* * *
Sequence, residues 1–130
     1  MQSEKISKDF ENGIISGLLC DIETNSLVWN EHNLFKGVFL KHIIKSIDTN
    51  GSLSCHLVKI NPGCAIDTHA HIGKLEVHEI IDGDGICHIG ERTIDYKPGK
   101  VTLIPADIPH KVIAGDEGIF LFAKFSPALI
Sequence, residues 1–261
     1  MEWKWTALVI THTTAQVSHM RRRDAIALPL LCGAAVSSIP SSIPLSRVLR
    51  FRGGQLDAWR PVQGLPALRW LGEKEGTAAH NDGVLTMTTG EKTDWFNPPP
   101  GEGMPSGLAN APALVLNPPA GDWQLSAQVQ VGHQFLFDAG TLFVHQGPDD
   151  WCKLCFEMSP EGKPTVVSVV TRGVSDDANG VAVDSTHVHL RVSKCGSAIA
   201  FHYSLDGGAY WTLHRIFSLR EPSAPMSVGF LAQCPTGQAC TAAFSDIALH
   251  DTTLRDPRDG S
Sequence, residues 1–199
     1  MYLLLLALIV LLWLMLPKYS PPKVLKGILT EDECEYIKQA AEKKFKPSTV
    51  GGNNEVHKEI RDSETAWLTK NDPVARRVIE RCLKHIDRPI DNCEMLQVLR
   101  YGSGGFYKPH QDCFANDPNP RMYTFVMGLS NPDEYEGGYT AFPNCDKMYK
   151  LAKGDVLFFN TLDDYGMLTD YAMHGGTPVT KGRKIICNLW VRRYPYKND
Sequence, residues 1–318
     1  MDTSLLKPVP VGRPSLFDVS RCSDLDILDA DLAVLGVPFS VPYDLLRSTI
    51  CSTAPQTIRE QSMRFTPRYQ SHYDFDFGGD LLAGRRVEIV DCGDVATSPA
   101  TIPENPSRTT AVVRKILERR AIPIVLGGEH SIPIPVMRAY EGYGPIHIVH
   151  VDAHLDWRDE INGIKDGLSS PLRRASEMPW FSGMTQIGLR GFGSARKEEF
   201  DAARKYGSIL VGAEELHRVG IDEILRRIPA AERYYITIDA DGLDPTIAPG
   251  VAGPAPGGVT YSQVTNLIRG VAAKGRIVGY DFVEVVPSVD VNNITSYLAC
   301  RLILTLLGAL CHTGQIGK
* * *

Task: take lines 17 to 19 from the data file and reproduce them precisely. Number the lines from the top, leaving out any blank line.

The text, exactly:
Sequence, residues 1–318
     1  MDTSLLKPVP VGRPSLFDVS RCSDLDILDA DLAVLGVPFS VPYDLLRSTI
    51  CSTAPQTIRE QSMRFTPRYQ SHYDFDFGGD LLAGRRVEIV DCGDVATSPA